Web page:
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Richard Stallman: On-line education is using a flawed Creative Commons license

Richard Stallman: On-line education is using a flawed Creative Commons license | Copyright & Fair Use | Scoop.it

"Prominent universities are using a nonfree license for their digital educational works.  That is bad already, but even worse, the license they are using has a serious inherent problem."


[cc licensed image by jeanbaptisteparis]

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Fair Use or Theft?: Rodney Ascher's 'Room 237' vs. Warner Bros. 'The Shining'

Fair Use or Theft?: Rodney Ascher's 'Room 237' vs. Warner Bros. 'The Shining' | Copyright & Fair Use | Scoop.it

"That's not the case for “Room 237,” Ascher’s feature debut. The 102-minute documentary deconstructs hidden meanings in Stanley Kubrick’s 1980 adaptation of Stephen King’s horror novel “The Shining” — mostly by showing sequences from the actual film, a copyrighted work owned by Warner Bros. Since its Sundance debut in January, Ascher’s film has been acquired for distribution by IFC Midnight and snagged slots in the Cannes Film Festival’s Directors’ Fortnight and Toronto film festival’s Vanguard sidebars. It will have an awards-qualifying run at the end of the year followed by a March release.


For this one, Ascher has no choice but to go down the rabbit hole of proving that the footage he’s used falls under fair use, which would prevent him from having to pay hefty licensing fees to WB or being sued for showing the film in theaters."

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Copyfraud: making the case for actual copyright enforcement

Copyfraud: making the case for actual copyright enforcement | Copyright & Fair Use | Scoop.it

"Jason Mazzone's Copyfraud and Other Abuses of Intellectual Property Law isn't just another book about how the expansion of copyright and trademark law has harmed innovation, free speech and creativity. Instead, Mazzone -- the youngest faculty member in Brooklyn law school's history to hold an endowed chair -- argues that the real problem is that copyright law isn't enforced enough."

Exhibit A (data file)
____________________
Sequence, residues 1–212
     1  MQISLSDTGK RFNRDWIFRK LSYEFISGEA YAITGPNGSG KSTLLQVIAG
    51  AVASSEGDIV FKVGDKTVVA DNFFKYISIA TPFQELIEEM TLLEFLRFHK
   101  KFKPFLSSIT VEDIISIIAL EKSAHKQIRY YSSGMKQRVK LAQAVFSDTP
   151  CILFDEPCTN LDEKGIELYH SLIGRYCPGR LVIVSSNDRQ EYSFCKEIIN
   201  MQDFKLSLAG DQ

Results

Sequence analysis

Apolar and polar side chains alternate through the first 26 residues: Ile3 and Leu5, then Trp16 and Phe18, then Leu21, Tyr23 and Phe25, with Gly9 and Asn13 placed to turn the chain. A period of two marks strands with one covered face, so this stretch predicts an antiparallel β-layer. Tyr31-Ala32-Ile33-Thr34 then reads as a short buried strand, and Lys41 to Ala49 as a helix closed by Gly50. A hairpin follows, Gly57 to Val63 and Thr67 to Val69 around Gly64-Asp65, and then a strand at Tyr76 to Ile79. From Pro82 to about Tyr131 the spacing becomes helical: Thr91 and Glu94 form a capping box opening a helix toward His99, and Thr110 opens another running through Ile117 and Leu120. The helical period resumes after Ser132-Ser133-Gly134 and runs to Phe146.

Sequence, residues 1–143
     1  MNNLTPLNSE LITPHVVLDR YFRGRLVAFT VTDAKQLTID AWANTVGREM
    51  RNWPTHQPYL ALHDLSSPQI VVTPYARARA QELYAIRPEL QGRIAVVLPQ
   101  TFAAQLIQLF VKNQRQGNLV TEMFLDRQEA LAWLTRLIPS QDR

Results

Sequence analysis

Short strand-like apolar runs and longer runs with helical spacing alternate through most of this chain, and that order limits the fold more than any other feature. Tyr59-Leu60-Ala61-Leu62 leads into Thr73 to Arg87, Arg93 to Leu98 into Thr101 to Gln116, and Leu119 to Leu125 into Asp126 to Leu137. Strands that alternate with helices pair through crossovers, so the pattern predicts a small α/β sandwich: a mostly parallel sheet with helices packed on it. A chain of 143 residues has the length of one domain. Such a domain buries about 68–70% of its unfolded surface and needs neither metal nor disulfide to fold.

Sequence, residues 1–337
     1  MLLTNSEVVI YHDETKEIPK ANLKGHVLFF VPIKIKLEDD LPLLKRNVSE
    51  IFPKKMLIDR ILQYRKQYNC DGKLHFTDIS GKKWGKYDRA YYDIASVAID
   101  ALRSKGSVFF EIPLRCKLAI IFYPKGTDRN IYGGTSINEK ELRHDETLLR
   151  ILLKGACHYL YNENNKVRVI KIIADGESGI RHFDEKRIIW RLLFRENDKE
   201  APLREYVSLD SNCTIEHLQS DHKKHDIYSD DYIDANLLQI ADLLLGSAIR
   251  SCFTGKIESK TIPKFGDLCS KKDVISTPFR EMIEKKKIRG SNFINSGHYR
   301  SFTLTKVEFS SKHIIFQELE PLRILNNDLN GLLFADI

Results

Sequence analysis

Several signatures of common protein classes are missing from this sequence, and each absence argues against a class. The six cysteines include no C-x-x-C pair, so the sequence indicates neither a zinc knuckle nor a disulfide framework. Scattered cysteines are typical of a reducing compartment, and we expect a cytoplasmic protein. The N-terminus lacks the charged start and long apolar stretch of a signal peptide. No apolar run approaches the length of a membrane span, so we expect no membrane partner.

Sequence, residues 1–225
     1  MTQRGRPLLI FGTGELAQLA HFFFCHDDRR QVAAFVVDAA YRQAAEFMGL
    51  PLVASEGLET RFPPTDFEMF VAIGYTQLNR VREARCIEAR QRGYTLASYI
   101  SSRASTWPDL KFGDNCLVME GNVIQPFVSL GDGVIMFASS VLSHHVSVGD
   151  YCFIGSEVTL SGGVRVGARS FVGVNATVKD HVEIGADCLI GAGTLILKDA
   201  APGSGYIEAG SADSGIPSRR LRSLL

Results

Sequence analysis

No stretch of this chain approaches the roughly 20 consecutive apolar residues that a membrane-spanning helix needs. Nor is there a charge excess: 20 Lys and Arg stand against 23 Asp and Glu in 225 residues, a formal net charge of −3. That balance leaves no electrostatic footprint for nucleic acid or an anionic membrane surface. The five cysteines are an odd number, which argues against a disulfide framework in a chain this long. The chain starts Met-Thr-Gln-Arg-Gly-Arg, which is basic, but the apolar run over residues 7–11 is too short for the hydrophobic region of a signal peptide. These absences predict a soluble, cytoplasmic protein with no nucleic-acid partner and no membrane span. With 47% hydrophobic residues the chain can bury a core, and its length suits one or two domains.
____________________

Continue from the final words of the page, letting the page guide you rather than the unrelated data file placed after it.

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Elsevier Takes Down Papers from Academia.edu

Elsevier Takes Down Papers from Academia.edu | Copyright & Fair Use | Scoop.it

"Lots of researchers post PDFs of their own papers on their own web-sites. It’s always been so, because even though technically it’s in breach of the copyright transfer agreements that we blithely sign, everyone knows it’s right and proper. Preventing people from making their own work available would be insane, and the publisher that did it would be committing a PR gaffe of huge proportions.


Enter Elsevier, stage left. Bioinformatician Guy Leonard is just one of several people to have mentioned on Twitter this morning that Academia.edu took down their papers in response to a notice from Elsevier."

Chris Lott UAF's insight:

Interpreting Elsevier's lack of earlier action as a kind of "wink and a nod" agreement that they are OK with researchers publishing papers they've written* on their own websites is a classic mistake, assuming that publishers care at all about enriching the commons, the common good, etc. For the most part, they don't. Elsevier just hadn't bothered yet.


I hope this does turn out to be a huge blunder on Elsevier's part, but it will only be so if a signficant number of authors choose Open Access journals and other outlets instead of Eslevier. The "petition voicing displeasure" isn't going to change anything on its own.


* Note I don't say "their own papers" because they aren't their own papers anymore. Those authors gave those rights away.

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Here’s why isoHunt deserved to die

Here’s why isoHunt deserved to die | Copyright & Fair Use | Scoop.it